collaborate in a political farce that overshadows my principles and the
conditions of a free man, under the threat of losing it all: education,
job, sometimes family and friends, liberty also and even life itself.
That is why fear is the guiding principle of this society, fear and
lies, sustaining a society of masks and simulations during decades of
weak men, evasive, possessing only half-truths, incapable of facing and
naming that evil which corrodes us within. That is how we Cubans live.
We wish that the Church, a pilgrim in Cuba, would dare to throw out the
merchants from the temple, those who in the virtue of secret pacts do
away with the worth of a human before the importance of abstract
numbers. We yearn for a church who would not accept as privilege that
which is her rightly due in exchange for her silence.
A church, with whose prophetic voice and testimony of life in truth in a
society rotting with fear and lies, can share the cross of the
ineffable, solitude, humility, deprivation, calumny and persecution that
we suffer, we who have broken with the vice of self-deception that has
become our collective dementia.
A church that does not please itself with having its pew saturated with
comfortable mediocrity, dragging the multitudes behind images that don’t
save and only awaken shallow devotions while the most precious component
of her identity is diluted and watered down in a pseudo-religion of the
masses, recovering spaces and buildings for the mission, and then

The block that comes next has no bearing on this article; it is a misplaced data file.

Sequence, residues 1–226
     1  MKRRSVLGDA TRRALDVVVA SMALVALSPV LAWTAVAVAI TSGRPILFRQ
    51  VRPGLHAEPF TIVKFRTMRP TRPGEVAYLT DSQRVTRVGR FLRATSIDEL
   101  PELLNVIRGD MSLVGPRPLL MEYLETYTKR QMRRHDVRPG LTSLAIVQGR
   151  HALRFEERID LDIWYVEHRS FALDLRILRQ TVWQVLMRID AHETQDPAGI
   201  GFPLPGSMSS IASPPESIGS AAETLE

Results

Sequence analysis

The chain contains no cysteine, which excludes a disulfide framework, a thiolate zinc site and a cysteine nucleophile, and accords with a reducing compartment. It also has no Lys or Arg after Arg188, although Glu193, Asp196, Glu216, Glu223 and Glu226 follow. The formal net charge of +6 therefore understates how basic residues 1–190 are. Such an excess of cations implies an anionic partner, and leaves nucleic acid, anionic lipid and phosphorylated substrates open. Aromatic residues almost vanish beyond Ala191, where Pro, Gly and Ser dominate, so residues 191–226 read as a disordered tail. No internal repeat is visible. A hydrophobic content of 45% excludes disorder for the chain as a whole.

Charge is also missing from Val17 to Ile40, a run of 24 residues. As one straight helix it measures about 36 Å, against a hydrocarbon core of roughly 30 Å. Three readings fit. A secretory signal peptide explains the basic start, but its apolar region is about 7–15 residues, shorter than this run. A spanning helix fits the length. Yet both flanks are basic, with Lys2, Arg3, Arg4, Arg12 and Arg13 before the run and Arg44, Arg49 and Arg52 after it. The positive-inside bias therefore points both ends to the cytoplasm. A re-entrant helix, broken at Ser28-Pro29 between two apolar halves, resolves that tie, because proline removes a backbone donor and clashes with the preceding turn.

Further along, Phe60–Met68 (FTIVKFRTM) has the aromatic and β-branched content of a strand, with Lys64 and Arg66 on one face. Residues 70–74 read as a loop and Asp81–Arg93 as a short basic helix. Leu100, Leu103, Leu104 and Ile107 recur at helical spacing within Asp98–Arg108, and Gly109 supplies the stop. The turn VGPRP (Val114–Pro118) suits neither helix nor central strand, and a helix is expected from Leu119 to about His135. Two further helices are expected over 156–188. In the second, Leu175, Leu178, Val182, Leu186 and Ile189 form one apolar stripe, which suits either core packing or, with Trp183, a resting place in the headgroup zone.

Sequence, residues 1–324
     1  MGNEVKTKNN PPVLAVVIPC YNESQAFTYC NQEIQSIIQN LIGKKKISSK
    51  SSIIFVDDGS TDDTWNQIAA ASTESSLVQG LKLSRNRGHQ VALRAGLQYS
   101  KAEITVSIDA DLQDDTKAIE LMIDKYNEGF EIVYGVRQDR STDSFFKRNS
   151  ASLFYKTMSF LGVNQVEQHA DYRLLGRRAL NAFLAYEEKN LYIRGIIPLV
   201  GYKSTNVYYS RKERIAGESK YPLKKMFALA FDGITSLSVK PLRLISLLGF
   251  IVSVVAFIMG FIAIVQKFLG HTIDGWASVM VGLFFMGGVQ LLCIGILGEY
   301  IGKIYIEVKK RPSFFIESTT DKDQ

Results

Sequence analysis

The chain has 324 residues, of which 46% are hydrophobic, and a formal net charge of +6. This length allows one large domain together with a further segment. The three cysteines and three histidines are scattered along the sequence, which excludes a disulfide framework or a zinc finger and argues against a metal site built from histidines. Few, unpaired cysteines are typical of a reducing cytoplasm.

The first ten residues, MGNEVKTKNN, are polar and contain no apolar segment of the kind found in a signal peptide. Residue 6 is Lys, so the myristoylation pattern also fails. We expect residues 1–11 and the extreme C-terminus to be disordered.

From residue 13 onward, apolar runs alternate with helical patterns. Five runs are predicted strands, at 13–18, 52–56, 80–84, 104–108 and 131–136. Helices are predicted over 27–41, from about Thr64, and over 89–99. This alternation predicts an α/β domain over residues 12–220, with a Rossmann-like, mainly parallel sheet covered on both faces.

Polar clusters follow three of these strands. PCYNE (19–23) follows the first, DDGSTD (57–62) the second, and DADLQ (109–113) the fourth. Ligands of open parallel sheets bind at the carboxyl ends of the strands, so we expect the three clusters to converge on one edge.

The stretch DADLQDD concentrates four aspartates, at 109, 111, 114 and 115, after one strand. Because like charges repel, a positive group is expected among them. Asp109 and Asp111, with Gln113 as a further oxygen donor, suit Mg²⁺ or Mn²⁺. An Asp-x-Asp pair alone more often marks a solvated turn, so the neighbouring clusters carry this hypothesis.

relying heavily on human means to, with God and the splendor of His
message being considered too subversive against the established order,
advertise a private pseudo-gospel of moral and social content more
“enlightening” for our people.
A church that stirs those consciences paralyzed by fear and custom
before the face of irrationality, disfunctionality, and the absurd
demands of a long-lived absolute and arbitrary regime by inviting each
man and woman to contemplate themselves in the reflection of the life
and teachings of Jesus of Nazareth. A church, who once again noting the
worth of the poor, the few, the small, the gradual, the weak, the
anonymous, offers in her small but Christian and arduous communities
something incredibly different and powerfully captivating, and no longer
the swarms of vitiated environments.
That church, incarnated and undivided, has been present for years in the
figures of brave and exceptional bishops, innumerable priest, religious
and missionaries many of whom we have seen depart in pain: banished,
dismissed by bishops and superiors, or voluntarily resigning before
submitting to perverted or perverting regulations.
It is that diminishing church constantly in danger of becoming extinct,
that has produced genuine miracles thanks to the those youth and
families who everyday make the conscious decision to remain, assuming
upon themselves the dangers and hardships, every day resisting the
temptation to join the mass exodus of a people who stampedes fleeing to
whichever place where they can construct a more dignified life, hold an
honorable job, know the taste of liberty, fight for their dreams, aspire
to prosperity and happiness.